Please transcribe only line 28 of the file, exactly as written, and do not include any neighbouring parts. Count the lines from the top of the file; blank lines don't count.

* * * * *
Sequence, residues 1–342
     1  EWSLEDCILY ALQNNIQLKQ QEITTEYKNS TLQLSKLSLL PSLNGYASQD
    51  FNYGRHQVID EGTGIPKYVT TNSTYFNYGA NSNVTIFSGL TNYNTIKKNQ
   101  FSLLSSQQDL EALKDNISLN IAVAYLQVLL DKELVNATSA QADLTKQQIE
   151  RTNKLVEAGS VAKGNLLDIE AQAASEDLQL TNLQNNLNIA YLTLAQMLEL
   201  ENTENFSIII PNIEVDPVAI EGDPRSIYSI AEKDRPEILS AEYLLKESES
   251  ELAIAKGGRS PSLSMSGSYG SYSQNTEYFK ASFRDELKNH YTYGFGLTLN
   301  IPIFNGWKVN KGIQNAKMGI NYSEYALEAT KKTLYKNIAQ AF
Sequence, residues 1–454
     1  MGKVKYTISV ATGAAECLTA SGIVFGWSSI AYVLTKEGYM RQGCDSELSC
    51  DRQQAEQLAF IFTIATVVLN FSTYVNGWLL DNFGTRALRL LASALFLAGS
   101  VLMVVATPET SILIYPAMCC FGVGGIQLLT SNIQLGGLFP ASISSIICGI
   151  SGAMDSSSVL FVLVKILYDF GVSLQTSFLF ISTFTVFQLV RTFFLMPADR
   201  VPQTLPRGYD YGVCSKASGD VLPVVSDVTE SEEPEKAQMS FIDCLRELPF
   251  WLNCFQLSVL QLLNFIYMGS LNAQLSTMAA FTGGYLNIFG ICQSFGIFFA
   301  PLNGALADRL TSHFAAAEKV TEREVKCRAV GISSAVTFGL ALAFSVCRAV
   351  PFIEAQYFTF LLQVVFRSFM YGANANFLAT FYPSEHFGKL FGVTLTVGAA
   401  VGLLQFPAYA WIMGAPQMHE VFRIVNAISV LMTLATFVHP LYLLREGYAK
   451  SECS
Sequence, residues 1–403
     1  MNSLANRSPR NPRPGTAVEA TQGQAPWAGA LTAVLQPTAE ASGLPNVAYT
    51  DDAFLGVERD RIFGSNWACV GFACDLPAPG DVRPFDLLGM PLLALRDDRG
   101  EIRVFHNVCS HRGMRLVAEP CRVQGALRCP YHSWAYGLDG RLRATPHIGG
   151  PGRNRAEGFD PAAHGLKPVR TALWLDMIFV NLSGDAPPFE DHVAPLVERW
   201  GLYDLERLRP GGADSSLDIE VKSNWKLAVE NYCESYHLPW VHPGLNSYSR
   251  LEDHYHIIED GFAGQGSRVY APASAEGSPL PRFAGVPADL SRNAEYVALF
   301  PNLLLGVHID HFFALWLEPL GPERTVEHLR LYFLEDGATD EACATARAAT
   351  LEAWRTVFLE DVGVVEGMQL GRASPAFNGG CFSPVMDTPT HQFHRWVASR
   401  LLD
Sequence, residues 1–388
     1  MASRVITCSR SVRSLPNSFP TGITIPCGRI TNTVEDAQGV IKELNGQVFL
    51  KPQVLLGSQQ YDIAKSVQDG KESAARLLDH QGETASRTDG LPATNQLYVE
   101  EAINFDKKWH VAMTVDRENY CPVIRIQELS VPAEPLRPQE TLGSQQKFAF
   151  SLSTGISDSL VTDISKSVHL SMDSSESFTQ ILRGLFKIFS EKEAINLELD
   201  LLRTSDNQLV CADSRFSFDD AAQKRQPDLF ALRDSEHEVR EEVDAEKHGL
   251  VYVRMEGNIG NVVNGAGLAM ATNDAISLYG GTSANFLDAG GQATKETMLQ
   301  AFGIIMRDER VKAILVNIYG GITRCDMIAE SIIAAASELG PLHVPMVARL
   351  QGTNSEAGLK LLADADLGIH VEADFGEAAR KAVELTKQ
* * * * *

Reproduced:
   351  LEAWRTVFLE DVGVVEGMQL GRASPAFNGG CFSPVMDTPT HQFHRWVASR